The yield of 30-Year Treasurys could be about to reverse its 20-year decline if it goes through 5 percent, Robin Griffiths, technical strategist at Cazenove Capital, told CNBC.
"The market has made up its mind about Treasurys and indeed long Gilts – it doesn't want them. The message has been: our cash is being turned to trash," Griffiths said.
"The yield on the 30-year … if it goes through 5 (percent), that will signal the ending of the long down-trend of the last 20 years in yields," he added.
The US and UK governments have issued large amounts of new bonds since the financial crisis and Griffiths thinks they will continue to do so. Pressure to pay for global initiatives tackling climate change will also result in new bonds being issued, he said.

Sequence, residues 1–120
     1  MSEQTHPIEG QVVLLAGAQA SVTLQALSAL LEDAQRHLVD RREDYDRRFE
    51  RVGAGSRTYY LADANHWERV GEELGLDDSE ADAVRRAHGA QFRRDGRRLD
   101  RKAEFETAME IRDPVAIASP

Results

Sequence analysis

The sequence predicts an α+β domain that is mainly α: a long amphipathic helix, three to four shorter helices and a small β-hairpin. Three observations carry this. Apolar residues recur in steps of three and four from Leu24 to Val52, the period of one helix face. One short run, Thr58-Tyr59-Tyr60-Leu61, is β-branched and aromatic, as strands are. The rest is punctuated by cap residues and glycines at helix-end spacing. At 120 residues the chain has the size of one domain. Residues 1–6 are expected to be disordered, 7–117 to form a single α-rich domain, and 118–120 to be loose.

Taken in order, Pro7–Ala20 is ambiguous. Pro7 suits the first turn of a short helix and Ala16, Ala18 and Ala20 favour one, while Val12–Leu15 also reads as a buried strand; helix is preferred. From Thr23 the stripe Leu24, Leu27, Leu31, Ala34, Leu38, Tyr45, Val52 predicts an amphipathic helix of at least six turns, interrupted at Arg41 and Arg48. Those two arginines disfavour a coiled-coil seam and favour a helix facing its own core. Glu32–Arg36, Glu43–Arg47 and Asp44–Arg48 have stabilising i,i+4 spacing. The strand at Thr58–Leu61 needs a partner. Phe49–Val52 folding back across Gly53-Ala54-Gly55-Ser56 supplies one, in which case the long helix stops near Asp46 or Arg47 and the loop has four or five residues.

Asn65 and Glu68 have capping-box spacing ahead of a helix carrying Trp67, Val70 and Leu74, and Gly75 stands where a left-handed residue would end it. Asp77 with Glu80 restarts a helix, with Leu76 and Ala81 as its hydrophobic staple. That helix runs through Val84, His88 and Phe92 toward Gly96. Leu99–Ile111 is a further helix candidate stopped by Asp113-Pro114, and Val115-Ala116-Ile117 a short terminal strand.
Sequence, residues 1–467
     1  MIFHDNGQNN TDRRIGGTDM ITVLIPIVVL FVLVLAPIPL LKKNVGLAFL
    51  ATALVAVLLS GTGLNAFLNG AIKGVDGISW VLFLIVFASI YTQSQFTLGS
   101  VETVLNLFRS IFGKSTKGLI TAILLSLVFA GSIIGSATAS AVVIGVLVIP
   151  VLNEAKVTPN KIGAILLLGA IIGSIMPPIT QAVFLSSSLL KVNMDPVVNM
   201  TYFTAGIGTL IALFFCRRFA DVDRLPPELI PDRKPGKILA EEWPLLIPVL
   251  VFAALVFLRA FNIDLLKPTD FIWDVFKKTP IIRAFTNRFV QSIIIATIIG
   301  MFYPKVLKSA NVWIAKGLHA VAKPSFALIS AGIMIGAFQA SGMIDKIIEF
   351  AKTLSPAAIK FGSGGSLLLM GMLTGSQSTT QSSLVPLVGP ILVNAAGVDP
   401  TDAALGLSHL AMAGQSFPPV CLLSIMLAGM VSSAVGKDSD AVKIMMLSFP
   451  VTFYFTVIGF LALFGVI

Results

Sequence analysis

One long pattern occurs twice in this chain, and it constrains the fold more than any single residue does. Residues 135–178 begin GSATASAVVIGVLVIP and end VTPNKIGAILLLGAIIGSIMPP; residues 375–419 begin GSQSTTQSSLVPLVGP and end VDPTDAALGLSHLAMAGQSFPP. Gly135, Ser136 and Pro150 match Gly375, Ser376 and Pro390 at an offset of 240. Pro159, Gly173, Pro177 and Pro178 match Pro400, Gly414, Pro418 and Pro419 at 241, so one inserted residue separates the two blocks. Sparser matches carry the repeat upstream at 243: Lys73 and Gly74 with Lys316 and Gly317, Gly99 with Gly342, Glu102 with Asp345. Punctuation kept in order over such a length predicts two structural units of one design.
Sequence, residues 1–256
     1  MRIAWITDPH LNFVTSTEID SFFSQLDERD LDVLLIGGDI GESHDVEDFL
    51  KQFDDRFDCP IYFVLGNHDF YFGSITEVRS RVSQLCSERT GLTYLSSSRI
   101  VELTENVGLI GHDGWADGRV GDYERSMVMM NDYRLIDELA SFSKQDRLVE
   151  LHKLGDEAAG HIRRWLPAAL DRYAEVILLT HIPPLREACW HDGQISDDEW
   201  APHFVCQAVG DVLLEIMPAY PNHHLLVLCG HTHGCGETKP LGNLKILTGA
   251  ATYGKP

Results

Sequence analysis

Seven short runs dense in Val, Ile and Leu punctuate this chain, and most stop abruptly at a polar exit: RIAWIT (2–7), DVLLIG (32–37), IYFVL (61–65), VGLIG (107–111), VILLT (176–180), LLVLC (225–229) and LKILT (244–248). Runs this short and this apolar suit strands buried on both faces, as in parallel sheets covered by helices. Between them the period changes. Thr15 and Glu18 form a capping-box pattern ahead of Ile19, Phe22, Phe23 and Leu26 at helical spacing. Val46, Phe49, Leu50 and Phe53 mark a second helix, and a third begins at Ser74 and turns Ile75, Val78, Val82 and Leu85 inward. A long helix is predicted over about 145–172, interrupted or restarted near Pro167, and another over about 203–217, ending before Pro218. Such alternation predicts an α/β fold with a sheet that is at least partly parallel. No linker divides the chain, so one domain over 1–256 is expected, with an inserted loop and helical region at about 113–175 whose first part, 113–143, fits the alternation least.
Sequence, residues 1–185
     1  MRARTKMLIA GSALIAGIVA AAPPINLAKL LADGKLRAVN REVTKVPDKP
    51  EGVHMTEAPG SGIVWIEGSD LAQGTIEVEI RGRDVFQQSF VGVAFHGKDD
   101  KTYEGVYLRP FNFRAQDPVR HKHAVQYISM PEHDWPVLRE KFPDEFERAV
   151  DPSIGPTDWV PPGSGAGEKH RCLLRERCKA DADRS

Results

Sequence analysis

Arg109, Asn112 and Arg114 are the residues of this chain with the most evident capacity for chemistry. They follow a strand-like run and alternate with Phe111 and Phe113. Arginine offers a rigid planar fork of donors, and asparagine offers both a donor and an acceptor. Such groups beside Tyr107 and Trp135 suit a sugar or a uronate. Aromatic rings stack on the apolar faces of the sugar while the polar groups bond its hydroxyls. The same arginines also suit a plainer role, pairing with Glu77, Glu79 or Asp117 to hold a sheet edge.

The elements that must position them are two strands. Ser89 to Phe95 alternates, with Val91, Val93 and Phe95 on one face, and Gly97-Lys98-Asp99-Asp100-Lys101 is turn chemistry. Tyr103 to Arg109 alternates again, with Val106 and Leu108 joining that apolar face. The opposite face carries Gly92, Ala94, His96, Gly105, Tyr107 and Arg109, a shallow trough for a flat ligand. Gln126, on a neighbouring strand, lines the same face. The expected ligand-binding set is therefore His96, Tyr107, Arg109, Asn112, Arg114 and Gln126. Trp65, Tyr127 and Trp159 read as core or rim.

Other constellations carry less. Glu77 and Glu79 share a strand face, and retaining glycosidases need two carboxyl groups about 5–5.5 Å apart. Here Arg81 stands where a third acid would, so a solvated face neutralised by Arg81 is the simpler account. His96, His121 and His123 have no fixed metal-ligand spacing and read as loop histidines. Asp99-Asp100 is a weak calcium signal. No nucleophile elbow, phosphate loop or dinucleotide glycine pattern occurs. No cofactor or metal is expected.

A move above 5 percent would usher in a new era of inflation era, he said.
"They're going to be printing more and more Treasurys so the yield is going up, not quite to trash, but less attractive than it was. And it sort of implies that inflation is coming as well," he said.
If investors ditched government bonds then the money would have to go somewhere else and stocks could benefit from the move, he added.
- Watch the video above to see Robin Griffiths' predictions for oil prices.
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